I had the opportunity to head up the Waihopai Valley to Mt Olympus station last week, bearing gifts of chocolate from San Francisco that a friend had sent out to Lynne Russell the owner, as a thank you for a visit a while back. I love going out there. There's nothing like getting away from the 'city' or 'town' to breathe fresh country air and feel space around you, and to see the animals and watch Lynne work with them is just lovely.
I'll introduce you to a few here..
First - meet Rock - the wonder dog who is a Border Collie extroadinaire. A few years ago, Rock started showing signs of a bad back. It got to the stage where he could no longer jump into the back of the ute, or even work for any period of time and it was obvious he was in pain. Off to the vet, where the vet thought with lack of movement, and the amount of pain Rock seemed to be in, that it was most likely cancer in the spine. He asked Lynne if she would like the dog put down as that seemed the most humane thing to do.
Lynne wasn't ready for that, she was very fond of the dog and said no, that as a dog owner and farmer she would take responsibility for it, so took the dog home laden with lots of pain killers for him. After a couple of weeks, Rock was no better, in fact seemed considerably worse and miserable, so she decided that she had to do the humane thing and ease his suffering.
With tears running down her face, she took him into the barn, pointed a rifle just behind Rocks ear and shot him point blank range.
With a yelp Rock leapt up and jumped to the other side of the barn where he sat there panting. Lynne waited for a few seconds expecting him to collapse and die as he should do, but he just sat there panting. On investigation she found the bullet was a dud, it had gone off, and there was gunpowder all around his ear. Yet it was obvious that he could now move freely and had no pain, and was eager to get back to work!!
Seems that the shock of the noise of the rifle gave Rock such a fright that when he leapt up, whatever was lodged in his spine was released and fixed the problem completely. Rock went on to become one of Lynne's best herding dog.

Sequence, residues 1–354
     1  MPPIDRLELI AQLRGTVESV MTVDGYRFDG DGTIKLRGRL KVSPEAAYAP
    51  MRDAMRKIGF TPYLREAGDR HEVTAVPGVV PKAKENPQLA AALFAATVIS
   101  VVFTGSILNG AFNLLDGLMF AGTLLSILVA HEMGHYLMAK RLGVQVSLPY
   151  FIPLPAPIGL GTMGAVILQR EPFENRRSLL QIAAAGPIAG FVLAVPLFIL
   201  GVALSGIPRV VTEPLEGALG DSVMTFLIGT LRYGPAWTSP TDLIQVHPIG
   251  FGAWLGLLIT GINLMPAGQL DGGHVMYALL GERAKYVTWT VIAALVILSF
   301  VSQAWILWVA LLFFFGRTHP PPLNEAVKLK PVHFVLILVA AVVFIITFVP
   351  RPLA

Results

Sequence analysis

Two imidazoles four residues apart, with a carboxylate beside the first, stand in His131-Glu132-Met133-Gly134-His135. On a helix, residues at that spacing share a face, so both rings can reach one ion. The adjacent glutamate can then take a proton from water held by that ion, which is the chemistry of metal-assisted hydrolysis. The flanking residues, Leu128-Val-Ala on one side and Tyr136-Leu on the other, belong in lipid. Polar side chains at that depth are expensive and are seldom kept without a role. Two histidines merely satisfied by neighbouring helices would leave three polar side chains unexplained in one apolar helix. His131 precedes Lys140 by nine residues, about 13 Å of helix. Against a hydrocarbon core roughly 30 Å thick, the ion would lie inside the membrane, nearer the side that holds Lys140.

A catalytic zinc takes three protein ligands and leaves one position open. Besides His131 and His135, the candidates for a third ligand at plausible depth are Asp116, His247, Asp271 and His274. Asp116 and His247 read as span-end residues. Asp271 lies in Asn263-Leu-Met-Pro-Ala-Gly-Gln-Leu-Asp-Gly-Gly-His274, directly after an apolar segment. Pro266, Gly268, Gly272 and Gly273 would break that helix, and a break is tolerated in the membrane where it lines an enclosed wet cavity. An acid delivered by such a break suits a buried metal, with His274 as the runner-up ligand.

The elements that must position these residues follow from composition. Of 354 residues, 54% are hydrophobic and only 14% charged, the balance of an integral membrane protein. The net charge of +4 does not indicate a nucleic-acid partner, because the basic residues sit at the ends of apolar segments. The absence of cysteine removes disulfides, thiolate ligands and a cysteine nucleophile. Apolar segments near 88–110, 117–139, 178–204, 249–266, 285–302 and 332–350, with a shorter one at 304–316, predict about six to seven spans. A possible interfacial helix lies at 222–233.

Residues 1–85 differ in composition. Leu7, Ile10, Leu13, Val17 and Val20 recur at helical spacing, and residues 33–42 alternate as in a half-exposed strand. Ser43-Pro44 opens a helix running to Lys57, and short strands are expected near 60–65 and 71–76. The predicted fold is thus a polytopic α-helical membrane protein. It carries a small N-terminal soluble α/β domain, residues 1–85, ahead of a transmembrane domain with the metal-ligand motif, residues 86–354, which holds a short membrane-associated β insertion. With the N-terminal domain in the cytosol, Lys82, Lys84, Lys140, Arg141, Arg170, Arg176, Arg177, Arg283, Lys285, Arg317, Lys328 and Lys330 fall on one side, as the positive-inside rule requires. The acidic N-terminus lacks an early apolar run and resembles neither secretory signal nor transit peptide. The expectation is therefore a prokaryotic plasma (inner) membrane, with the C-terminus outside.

She has other dogs being trained up to replace Rock now, as he is getting on slightly. First - Sweep.
Then there's Mike..
Now meet the National Endurance champion horse for three years running. Retired now and living the life of Riley on Mt Olympus...
Lynne then popped us into the four wheel drive and we headed up to the top of the Mountain. We were on the lookout for falcons. We were also testing out Lynn's new camera before she heads out overseas. I lvoe the layers of the valleys and hills in the next photo. This is about three quarters of the way up.
At the top - looking over to the chain of mountains known as the Inland Kaikouras. You can tell winter is on the way because of the light dusting of snow on them!
Looking down the other side to the Wairau Valley, and the Richmond Ranges. In the middle of the image, you can see Mt Fishtail, which I can see from my lounge. It's interesting getting a different perspective of it.
I thought the tussock grass was an interesting pattern. Made from the sheep going through it and the wind.
I stopped outside the Benhopai Station. They have some interesting buildings. The big old barn...
And an old dilapidated cottage with the last of the afternoon sun on it. I took a few shots on the road first, but then walked into the driveway and shot it a bit closer.
A closer shot with the shadows of the winter trees and the peeling paint.
As I left I took another shot of the big barn - which lost that light very soon afterwards..
As I left, I noticed that the sun was shining through the leaves of a tree that had still not quite lost all it's leaves. Out came my macro lens.
At this stage I was wishing I had my tripod, but on opening the boot found that it was obviously still in the garage. I could have kicked myself!
A tiny bit of silhouette around the leaves on this one makes it interesting too..
Yet another fantastic trip out to the station. Thanks Lynne!